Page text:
Darryl Dyck/AP

Vancouver: Giving junkies a fix to keep them off the street

A controversial program offering heroin to addicts goes to court


VANCOUVER, Canada — Walking back alleys in Vancouver’s impoverished Downtown Eastside, Kevin Thompson, 43, tells stories from roughly two decades of cocaine and heroin addiction.

Drug deals would sometimes go bad, and he was robbed and assaulted. One notable incident involved a fight over a waffle iron that ended with a golf club being broken over his head. “It can be a lot of hassle just to get what you need for the day,” Thompson recalls.

But even trouble-free buys weren’t much of a relief. A high never lasts long enough, he explains.

Life often consisted of little more than scrounging for money or shoplifting, getting through a drug deal, injecting cocaine or heroin, and then doing it all over again a few hours later. Years went by like that, always waking up anxious, enduring the early symptoms of withdrawal until he could find the next fix.

Thompson was finally able to break away from the risks and complications of scoring drugs on the street, he says, thanks to diacetylmorphine, or prescription heroin.

Thompson participated in two studies that provided access to the drug, which is administered following the protocol of a traditional treatment, like methadone. There was the North American Opiate Medication Initiative (NAOMI) from 2005 to 2008, he says, and the Study to Assess Longer-term Opioid Medication Effectiveness (SALOME), in which he participated in 2013. Three times a day, Thompson explains, he would visit a clinic in Vancouver’s Downtown Eastside, receive a free dose of pharmaceutical heroin and leave, without having to worry about where his next fix was coming from. Heroin maintenance, as this sort of therapy is known, falls into a category of public health policies called harm reduction, a bold strategy that Vancouver has long championed.

Kevin Thompson, a former patient in the NAOMI and SALOME academic studies of prescription heroin.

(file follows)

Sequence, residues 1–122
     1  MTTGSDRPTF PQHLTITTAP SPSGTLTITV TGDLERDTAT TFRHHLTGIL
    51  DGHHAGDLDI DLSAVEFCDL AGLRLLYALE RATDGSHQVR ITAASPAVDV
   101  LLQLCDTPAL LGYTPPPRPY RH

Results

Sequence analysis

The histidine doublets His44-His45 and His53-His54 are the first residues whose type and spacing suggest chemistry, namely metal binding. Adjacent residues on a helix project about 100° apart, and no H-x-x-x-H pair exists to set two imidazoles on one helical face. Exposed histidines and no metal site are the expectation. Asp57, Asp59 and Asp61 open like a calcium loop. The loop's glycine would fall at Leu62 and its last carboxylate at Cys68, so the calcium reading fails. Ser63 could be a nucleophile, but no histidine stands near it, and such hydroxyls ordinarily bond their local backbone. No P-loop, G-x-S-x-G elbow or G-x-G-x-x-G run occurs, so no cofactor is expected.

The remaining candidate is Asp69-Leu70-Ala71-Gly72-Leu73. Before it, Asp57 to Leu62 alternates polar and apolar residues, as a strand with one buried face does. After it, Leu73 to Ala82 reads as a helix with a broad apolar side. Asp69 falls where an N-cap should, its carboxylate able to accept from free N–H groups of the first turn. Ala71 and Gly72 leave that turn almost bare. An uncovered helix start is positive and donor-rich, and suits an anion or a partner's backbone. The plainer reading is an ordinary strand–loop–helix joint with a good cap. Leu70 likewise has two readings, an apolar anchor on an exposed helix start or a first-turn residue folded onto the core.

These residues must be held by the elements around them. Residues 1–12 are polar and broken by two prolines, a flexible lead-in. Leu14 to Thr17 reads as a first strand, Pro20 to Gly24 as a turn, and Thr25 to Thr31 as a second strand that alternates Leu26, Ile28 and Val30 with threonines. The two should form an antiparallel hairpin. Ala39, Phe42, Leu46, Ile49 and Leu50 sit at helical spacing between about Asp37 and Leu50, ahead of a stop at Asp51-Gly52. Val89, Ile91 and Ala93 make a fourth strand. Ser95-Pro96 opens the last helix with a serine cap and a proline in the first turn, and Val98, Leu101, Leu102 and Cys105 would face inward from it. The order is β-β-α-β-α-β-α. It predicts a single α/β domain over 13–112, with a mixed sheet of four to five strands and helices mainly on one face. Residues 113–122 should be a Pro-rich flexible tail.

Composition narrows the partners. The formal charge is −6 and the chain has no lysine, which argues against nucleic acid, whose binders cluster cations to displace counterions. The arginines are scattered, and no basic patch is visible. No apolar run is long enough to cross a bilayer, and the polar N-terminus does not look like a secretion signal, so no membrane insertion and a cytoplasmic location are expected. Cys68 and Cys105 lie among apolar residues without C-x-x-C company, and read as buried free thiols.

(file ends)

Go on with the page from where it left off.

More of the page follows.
Travis Lupick

“I’ve gone from using hard-core every day and being homeless to having a roof over my head and working,” Thompson says. “With your heroin habit supported, you can start thinking about bettering your life. It gives you a chance to think and get your head back together.”

For years, a small fleet of vans has functioned as a mobile needle distribution system throughout the greater Vancouver area, offering addicts clean syringes free of charge. Crack pipes are sold in vending machines for 25 cents. At Insite, North America’s only legal supervised injection facility, drug users inject heroin, cocaine and methamphetamines, under the watchful care of nurses, at a rate approaching 200,000 visits a year. Last year the facility celebrated its 10-year anniversary.

The February 2014 death of Academy Award winner Philip Seymour Hoffman attracted some attention to harm reduction. New York State — where the 46-year-old actor was found unresponsive with a needle in his arm — is lowering access barriers to a drug called naloxone that counters the effects of an opiate overdose. But the legacy of America’s “war on drugs” makes it politically complicated to get a harm-reduction program like Insite off the ground in the U.S.

Even in relatively progressive Canada, heroin maintenance is controversial.